With the end of 2010 in sight, it’s time for proactive dealers to begin finalizing their plans for 2011. Where will you be this time next year? What new products, services, processes or procedures will you pilot? What will be the makeup of your team? Are you planning to expand your staff? Where will you drive the bulk of your success and, just as important, where will you spend your marketing dollars? Finally, how many units do you expect to sell next year?
Providing answers to these and many other questions will help you build the framework for your 2011 budgets and goals. While most in the industry expect 2011 to be an improvement over this year, it’s important for you (and your entire team) to know where you’re going and how you’re going to get there.
Getting from here to there
Many experts predict the new car market will grow almost 20% next year. If we assume you are an above average dealer (you must be, you’re reading Digital Dealer magazine aren’t you?), we can assume you will grow your Internet sales at a rate of at least 30% in 2011. Using this as your goal, how are you going to get from where you are now (Here) to where you want to be (There)?
The first step is to take an inventory of what’s working and what’s not in your Internet sales operation. (This is called “knowing where ‘Here’ is.”) I’m not sure why, but I am still surprised when I interact with general managers and dealer principals who have almost no idea what is working and not working with their Internet marketing. (This is actually the rule and not the exception.) Moreover, they often have just a few ineffective measurements in place to determine if their Internet sales team is delivering incremental value or merely collecting a paycheck.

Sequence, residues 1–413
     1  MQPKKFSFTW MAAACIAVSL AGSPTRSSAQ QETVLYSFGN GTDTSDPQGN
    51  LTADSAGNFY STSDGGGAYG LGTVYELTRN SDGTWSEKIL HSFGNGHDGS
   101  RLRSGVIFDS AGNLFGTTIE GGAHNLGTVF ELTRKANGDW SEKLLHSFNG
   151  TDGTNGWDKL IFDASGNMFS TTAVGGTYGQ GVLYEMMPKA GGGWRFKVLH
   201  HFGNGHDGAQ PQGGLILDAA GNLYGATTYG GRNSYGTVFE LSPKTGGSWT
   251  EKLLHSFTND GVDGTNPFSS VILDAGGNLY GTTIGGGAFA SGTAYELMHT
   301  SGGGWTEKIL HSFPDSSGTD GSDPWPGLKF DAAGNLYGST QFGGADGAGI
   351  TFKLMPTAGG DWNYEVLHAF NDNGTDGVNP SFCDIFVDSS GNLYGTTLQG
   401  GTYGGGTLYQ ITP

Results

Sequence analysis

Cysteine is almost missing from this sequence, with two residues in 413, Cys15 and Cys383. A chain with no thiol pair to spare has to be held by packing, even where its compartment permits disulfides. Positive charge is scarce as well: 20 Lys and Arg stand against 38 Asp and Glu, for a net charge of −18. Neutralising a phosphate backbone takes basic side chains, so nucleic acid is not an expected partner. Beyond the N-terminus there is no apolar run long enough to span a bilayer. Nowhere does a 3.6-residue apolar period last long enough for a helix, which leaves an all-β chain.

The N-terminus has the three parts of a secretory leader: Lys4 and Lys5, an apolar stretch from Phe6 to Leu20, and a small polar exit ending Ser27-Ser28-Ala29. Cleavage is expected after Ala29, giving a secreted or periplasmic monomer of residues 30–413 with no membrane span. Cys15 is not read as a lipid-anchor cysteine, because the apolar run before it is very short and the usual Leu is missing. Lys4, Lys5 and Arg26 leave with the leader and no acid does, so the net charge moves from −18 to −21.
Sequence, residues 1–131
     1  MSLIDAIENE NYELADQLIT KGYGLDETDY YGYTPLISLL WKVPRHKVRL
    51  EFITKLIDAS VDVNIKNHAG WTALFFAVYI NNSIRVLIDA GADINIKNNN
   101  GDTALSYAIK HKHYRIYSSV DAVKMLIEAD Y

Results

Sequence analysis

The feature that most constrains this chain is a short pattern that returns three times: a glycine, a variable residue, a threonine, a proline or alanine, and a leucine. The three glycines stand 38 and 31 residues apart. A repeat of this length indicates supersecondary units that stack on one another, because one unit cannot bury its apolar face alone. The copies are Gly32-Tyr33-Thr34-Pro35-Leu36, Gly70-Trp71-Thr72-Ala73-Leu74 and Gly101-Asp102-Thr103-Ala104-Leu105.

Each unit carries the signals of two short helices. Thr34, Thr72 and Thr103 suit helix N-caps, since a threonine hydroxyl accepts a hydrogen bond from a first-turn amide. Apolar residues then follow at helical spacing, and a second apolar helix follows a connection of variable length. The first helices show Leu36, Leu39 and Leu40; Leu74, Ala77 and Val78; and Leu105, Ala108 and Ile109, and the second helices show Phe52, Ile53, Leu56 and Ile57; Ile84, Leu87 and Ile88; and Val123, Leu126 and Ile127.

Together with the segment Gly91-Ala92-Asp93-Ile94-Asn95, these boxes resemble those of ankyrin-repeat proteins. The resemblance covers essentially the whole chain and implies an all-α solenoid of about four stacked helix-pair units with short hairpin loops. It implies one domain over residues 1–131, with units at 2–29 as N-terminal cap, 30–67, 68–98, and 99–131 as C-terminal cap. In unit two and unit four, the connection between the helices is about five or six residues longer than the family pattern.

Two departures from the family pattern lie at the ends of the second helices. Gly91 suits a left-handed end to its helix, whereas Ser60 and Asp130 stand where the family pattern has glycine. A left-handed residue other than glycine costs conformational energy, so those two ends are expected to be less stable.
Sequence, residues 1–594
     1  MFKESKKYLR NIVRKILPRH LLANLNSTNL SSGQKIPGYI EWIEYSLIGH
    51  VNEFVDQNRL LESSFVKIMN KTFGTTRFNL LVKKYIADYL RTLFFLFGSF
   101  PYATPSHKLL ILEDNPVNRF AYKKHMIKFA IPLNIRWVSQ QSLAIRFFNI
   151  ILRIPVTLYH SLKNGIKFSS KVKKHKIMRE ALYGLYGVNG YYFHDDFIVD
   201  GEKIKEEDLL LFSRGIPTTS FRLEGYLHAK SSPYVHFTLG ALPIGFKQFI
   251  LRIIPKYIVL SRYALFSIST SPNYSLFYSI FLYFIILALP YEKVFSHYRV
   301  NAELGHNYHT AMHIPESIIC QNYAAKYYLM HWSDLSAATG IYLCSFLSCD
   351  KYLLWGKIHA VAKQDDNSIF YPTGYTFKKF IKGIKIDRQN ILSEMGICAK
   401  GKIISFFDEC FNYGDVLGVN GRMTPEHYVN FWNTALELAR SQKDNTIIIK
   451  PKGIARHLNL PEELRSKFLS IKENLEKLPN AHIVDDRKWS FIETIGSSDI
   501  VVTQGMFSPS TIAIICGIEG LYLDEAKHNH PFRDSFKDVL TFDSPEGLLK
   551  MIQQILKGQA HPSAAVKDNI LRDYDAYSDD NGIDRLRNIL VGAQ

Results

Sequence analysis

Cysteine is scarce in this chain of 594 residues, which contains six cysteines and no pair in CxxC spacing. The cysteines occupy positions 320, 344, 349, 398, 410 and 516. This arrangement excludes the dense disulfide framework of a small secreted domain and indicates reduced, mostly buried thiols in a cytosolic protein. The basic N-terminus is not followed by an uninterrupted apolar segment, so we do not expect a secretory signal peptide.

Key performance indicators
Without spending too much time identifying how to know where ‘Here’ is, I think it’s important for all automotive leaders to understand the key performance indicators are for Internet sales. Tracking and measuring these will give you a clearer picture of your current state and allow you to build goals for the future.
Lead acquisition vendors – When tracking and measuring vendors delivering leads, you need just a few numbers to determine a vendor’s overall effectiveness. These are: Total (unique) Leads; Total Sales and Total Cost. With just these three numbers, you are able to determine the following KPIs: Cost Per Lead; Cost Per Sale and Closing Percentage. Using these KPIs, you can easily watch vendor trends over time and compare one vendor to another.
Online branding vendors – The measurements you choose to use for vendors who provide online branding depends on your goal for this marketing spend. For example, if your goal is the nebulous “exposure,” then you may want to look at the indeterminate measurement of ad impressions. If your goal is more concrete, like sales growth, then feel free to use the KPIs we identified for Lead Acquisition Vendors.
Internet salespeople – The KPIs for this group are not simply sales and gross, because tracking just a few other numbers can give you great insight into training opportunities. For example, successful Internet dealers also track and measure salespeople’s Connection Rate (the percentage of email leads a salesperson “connects with” during the first 30 days), Appointment Rate (the percentage of leads that become shown appointments) and Close Rate (the percentage of leads that become sales).
If you track and measure all of the above, then you now know where ‘Here’ is. This, of course, begs the question: how do we get to ‘There?’